Welcome to the Globe’s SLCC Talks—a new column where the Globe staff answers questions that our readers send in.
In this edition of SLCC Talks, we talk about writing for the newspaper.
“How did you end up as a staff writer for The Globe? And what advice would you give to someone wanting to write for the Globe paper?”
Stephen Romney (Arts and Entertainment Writer):
Unlike my colleagues, I didn’t start out in the journalism classes offered by the Communication department. I was fortunate enough to have been taking a class taught by Julie Gay, who oversees the Mass Communication Center, during the spring semester of 2011.
Upon filling out the application, giving some sample articles, and writing a fairly lengthy but convincing personal statement, I handed the forms to Julie and then pestered her over the next few days until she confirmed that she gave the application to the acting editor-in-chief, Ceville Bailey.
After a brief interview, I was hired the following summer, my first article being a review of “Kung Fu Panda 2.” It wasn’t until much later that I started doing video reviews on YouTube to complement the content on the site.
When it comes to writing for the paper, here are two pieces of advice I would offer.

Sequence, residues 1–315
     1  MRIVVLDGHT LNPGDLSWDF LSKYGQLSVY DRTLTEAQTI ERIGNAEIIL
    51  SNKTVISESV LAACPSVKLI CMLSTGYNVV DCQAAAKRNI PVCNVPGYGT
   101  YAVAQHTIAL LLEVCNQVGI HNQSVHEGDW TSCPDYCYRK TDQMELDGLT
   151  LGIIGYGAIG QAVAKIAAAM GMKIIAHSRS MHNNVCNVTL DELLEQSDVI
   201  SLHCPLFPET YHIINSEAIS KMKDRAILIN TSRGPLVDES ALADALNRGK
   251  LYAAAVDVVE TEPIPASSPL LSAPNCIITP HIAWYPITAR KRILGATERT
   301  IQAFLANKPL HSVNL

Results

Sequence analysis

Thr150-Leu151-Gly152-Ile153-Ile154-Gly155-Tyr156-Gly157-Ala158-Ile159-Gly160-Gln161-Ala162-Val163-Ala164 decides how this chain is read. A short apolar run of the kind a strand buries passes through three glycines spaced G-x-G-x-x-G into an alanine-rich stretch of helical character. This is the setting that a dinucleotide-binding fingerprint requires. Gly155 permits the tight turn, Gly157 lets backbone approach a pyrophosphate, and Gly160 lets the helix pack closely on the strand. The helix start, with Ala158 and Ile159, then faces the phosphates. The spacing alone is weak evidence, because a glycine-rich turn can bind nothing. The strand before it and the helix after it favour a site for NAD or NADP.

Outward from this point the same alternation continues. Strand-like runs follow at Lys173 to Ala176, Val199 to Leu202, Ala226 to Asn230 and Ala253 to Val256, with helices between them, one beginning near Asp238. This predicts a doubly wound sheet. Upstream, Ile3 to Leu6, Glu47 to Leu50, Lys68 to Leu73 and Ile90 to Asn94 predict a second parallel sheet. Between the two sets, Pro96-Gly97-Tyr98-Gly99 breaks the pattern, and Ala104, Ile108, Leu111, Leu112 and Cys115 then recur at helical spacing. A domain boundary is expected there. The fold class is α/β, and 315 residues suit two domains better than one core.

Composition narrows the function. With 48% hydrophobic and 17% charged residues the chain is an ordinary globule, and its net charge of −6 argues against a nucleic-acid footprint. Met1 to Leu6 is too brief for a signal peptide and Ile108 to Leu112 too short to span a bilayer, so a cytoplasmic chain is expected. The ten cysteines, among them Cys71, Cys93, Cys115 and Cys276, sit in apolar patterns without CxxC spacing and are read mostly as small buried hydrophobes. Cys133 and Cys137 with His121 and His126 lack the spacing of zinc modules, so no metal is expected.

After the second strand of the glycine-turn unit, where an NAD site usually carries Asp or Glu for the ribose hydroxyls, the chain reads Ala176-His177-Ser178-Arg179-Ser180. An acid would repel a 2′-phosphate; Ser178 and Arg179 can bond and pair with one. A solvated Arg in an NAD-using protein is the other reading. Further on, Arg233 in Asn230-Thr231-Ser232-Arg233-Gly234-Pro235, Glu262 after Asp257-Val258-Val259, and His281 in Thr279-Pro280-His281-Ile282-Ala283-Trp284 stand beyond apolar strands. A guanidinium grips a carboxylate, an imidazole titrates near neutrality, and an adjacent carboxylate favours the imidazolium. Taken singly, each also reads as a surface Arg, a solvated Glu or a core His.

Be persistent: It’s one thing to say you want to write for the paper, but actually doing it is another thing entirely. When it comes to getting any job, you have to be willing to CALL—not email—your prospective employer almost every single day if you truly want it.
The same thing applies to getting interviews for your stories. Can’t reach the person you need to talk to? Keep trying, even if you have to talk to everybody that your interviewee works with. When conducting the interview, don’t stop until you get the information you need. People may not like that, but it will keep you from getting the run-around from some of the more press-savvy individuals, as well as show readers that you can be a credible source of information.
Be consistent: Don’t just write whenever you feel like it. You have to earn that. When you do get the job, get in the habit of having at least one story coming in from week to week. Sometimes, this means having to go out and find a story, but if you establish early on that you will be a steady contributor, it will demonstrate that you are serious about your job, something that the bigger newspapers will want out of their writers.